When planting new rose bushes, amend the planting hole with lots of organic matter to create a nutrient-rich environment. Prioritize fostering strong root growth by fertilizing with phosphorus only. This is because phosphorus plays a key role in root development, giving your new rose a solid foundation to thrive.

Hold off on fertilizers high in nitrogen until after your rose’s first bloom. While nitrogen is important later for healthy foliage, initially it can encourage weak top growth at the expense of strong roots.

It’s a great idea to apply epsom salt around the base of your rose plants because it encourages sturdy stems, green foliage, and gorgeous blooms. During the first year of growth, sprinkle about 1/4 cup in spring.

After the first set of blooms, it’s okay to fertilize them. You can’t go wrong with a mild fertilizer like fish emulsion every 3-4 weeks.

Neptune's Harvest Organic Hydrolized Fish & Seaweed Fertilizer 36 0z
$22.74 ($0.63 / Ounce)

The fish emulsion I use!

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05/10/2024 12:19 am GMT

Established Roses

As new growth emerges, promote healthy foliage with a fertilizer higher in nitrogen, or consider organic amendments like alfalfa meal and epsom salt. I typically start fertilizing my established roses right after I prune them in late winter/early spring.

Maintain consistent growth and abundant blooms by applying a balanced fertilizer or one slightly richer in potassium every 2-4 weeks. Adjust the frequency based on the specific fertilizer you choose.

In late summer/early fall, it’s time to prepare your roses for the cold winter months. Switch to a fertilizer that is lower in nitrogen, like bone meal, to encourage root growth and enhance winter hardiness.

at last rose from proven winners and color choice shrubs
‘At Last’ Roses

Container Grown Roses

Because nutrients wash out every time you water it is really important to keep container grown roses fed. Therefore, fertilizing container-grown roses requires a slightly different approach compared to roses planted in the ground. Here’s what you need to know.

Since container roses have limited access to nutrients when confined to their pots they’ll need more frequent fertilization compared to roses planted in the ground. In this regard, water-soluble fertilizers are better to use because they give more precise control over the delivery of nutrients and are better absorbed by the plant.

During the active growing season (spring and summer), fertilize your container roses every 2-3 weeks (follow the label directions). But dilute the fertilizer according to the package instructions, typically at half strength for container garden plants.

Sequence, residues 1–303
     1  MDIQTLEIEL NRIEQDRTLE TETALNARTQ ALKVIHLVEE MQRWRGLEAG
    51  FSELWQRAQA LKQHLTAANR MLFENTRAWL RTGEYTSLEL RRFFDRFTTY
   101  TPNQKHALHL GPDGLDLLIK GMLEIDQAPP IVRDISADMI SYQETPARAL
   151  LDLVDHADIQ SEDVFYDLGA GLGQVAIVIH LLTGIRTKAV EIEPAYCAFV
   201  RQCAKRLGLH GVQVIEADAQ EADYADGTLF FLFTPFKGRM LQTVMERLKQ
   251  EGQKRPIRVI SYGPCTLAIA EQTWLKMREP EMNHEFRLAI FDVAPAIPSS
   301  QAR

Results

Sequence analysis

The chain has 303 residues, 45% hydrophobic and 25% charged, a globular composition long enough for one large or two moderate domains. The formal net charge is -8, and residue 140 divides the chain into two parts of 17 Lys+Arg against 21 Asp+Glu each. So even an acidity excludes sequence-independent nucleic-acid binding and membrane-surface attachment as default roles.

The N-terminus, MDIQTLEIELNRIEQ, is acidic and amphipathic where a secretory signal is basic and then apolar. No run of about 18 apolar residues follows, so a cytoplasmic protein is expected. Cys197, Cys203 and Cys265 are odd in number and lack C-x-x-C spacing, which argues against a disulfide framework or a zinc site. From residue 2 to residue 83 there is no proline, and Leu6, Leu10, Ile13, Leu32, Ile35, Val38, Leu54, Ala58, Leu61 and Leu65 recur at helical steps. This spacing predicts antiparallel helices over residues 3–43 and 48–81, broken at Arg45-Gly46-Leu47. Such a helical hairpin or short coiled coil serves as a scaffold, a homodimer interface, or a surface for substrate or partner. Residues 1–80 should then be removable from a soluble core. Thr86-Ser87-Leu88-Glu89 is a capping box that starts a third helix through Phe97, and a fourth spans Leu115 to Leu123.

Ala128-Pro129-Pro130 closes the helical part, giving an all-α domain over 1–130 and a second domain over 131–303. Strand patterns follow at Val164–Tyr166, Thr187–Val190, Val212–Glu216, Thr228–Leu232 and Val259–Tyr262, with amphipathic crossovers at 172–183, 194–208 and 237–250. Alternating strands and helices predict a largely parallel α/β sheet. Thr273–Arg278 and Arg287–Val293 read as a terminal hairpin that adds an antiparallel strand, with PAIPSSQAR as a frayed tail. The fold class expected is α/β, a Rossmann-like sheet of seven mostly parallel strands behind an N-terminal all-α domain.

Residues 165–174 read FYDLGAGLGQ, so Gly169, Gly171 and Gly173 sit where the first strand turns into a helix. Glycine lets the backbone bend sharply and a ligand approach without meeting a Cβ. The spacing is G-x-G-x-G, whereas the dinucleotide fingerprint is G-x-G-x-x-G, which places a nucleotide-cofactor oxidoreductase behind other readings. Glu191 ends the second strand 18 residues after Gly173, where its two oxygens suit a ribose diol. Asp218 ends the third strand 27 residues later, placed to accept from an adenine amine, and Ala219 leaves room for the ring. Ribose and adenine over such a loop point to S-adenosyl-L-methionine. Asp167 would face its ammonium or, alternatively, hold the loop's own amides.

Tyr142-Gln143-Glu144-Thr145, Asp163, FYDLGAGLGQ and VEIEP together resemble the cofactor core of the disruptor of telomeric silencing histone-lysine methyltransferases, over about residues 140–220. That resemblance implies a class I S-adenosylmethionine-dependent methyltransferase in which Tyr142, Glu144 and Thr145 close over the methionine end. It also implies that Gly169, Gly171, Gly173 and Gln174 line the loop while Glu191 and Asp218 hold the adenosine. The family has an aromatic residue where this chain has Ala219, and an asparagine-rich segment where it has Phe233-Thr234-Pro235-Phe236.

david austin darcy bussell rose with bright pink flowers
David Austin Darcy Bussell Rose

Fertilizing Roses Quick Tips

Here are some additional tips to ensure your rose fertilization practices are on point.

  • Always follow the application instructions on the fertilizer packaging to avoid over-fertilizing, which can damage your roses.
  • Water deeply before and after applying fertilizer to encourage the roots to absorb the nutrients more effectively.
  • Consider incorporating organic matter like compost or mulch around your rose bushes. This helps retain moisture, moderate soil temperature, and improve soil health in the long run.

By following these simple yet effective rose fertilizer practices, you can provide your beautiful flowers with the nourishment they need to thrive. Watch your roses reward you with a season of stunning blooms that will be the envy of your neighborhood.

For more information about fertilizing roses, see:

pink roses
Pink Roses

More About Fertilizing Roses

Have you been consistently fertilizing your roses? Do you have a particular product you prefer to use? I would love to know more in the comments below.

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pink roses on a green garden fence
Pink roses on a green garden fence

Garden Supplies I Use For My Roses

Since I’ve been gardening for well over twenty-five years, I’m often asked about the garden supplies and tools that I use most. Here are some of my favorites that I use in no particular order.

dahlia kogane fubuki in the potager garden

Click here to shop my favorite garden supplies!

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Enjoy a beautiful day! xo

Stacy Ling

Want to learn more about me? I’m a master gardener who’s been gardening and growing things for over 25 years and author of the best-selling book, The Bricks ‘n Blooms Guide to a Beautiful and Easy-Care Flower Garden. Get the inside scoop about my background as a master gardener, education, and experience, as well as why I started blogging here.